On Your Health

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How to Prepare for Your First Mental Health Visit

19 October 2020

People seek out help with a mental health specialist for a variety of reasons. Sometimes, however, the first step in finding healing is oftentimes the most challenging - finding the right mental health professional for you.

It's important to find someone whom you feel comfortable working with, and once you do, it's also essential to be prepared for your visit and know what to expect.

Mental health specialists come in different specialties, but all are there to help you achieve your recovery or mental health goals. Often, they work in hospitals and psychiatric facilities, inpatient centers, outpatient offices and in public facilities like schools, private practices and health clinics.

No matter what your reasons are for visiting a mental health specialist, knowing what to expect and how to get the most of your time together can make a big difference in your success.

The first visit

In many ways, your first visit with a mental health specialist is like a first date. You are both getting to know each other and figuring out if you feel comfortable enough to see each other again.

While you may be seeking advice or help during your first visit, you're also getting a feel for your doctor or therapist. It's okay to ask questions and tell your therapist that you are looking for someone you can click with on a long-term basis.

When meeting your doctor for the first time, focus on whether or not you feel comfortable with the person and see what kind of vibe you feel from him or her. While therapists can ask uncomfortable questions sometimes, you shouldn't feel uncomfortable with that person.

Some other general questions to ask can include:

  • Has the therapist worked with people who have similar problems or goals as yourself?
  • How will you and your therapist work together to confront your issue and set goals? 
  • How much education and professional experience do you have?
  • How often will the two of you meet?
  • What kind of process does the professional use and what kind of improvements can you expect?
  • Does your therapist take your insurance or offer a sliding scale for payments? Be sure to bring up any concerns you may have about your ability to pay for treatment.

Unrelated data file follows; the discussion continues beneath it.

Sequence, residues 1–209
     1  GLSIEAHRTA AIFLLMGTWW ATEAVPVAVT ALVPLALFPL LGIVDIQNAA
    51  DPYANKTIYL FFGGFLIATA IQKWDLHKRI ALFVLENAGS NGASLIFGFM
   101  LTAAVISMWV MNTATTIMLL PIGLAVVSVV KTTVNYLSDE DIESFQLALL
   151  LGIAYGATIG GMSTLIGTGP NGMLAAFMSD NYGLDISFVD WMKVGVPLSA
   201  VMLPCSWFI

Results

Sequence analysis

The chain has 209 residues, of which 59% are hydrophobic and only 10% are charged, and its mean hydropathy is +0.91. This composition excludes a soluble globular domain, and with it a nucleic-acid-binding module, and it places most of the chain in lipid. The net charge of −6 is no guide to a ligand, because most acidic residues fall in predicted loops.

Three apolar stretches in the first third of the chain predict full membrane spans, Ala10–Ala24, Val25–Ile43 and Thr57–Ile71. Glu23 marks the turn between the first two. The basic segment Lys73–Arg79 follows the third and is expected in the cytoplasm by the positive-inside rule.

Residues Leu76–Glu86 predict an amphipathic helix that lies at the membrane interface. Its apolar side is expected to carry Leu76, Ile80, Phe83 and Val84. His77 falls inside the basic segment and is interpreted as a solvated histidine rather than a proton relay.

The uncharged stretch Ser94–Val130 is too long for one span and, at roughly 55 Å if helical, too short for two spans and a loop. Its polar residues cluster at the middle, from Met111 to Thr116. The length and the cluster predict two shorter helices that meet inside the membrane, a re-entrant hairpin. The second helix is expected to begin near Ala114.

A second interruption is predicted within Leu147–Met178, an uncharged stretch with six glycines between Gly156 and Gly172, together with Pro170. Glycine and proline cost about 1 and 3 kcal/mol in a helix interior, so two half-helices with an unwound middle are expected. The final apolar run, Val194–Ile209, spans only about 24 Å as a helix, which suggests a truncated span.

If you don't feel like one particular person is the right fit, don't hesitate to ask for a referral to someone who may be better suited for you.

Building a relationship

Once you've found a mental health professional who can help you with your long-term treatment goals, it's time to get down to business.

Taking that first step and meeting with your mental health therapist can be stressful but knowing what to expect ahead of time can help reduce anxiety. You should come to the meeting with your full psychiatric and medical history so your doctor can be brought up to speed quickly.

Knowing that you could experience uncomfortable emotions during the first visit can help you prepare and knowing that being emotional is okay can also reduce stress.

One of the first questions your mental health specialist may ask is why you are coming to see him or her. They may ask open-ended questions like "What brings you in today?" or "How are you doing?"

You may not know where to start or feel emotionally overwhelmed by the question, but a good mental health specialist will guide you through the answers - and there are no wrong answers. However, it may be helpful to come prepared to talk about the issues you've been going through and what goals you want to achieve from treatment.

You may also experience intense emotions. Your specialist could bring up traumatic or disturbing memories during your session, so know that it is reasonable and okay to get emotional. Don't be afraid of looking weak or get embarrassed and use those tissues as much as you want.

A good mental health specialist will be able to help you work through your emotions, but if you don't feel comfortable sharing at that moment, tell your specialist that too. 

At the end of your first session, your therapist or specialist may put forth a treatment plan, which could include:

  • Referrals for additional treatment or counseling
  • Medication 
  • Recommendations for lab tests or baseline tests to rule out medication possible medical conditions
  • A possible therapeutic or treatment plan and schedule. 

If you have any questions or concerns about the initial meeting or treatment plan, be sure to tell your specialist at the end of the session.

After the visit

Many times, you'll leave your first visit and remember issues or things you forgot to ask or talk about. That's okay. Just jot them down so you can remember to talk about it the next time.

Also, you may feel unbalanced or down after your first visit. Therapy takes time, so it could take a few visits before you begin to see improvement. However, if you feel absolutely horrible and uncomfortable, you might need to find another specialist that suits you better.

The bottom line is that it is normal and okay to feel anxious about seeing a mental health specialist so you shouldn't let that stress keep you from getting the help and treatment you deserve.

Finding care

Studies estimate that 22 percent of Oklahomans suffer some form of mental illness, which is the third-highest rate in the U.S. This percentage is proof that you are not alone and so many people understand exactly what you are going through. 

INTEGRIS has services to help in all kinds of areas of your life. If you or someone you know is suffering from mental health issues, or any kind of health issue, let us help you find the right care.


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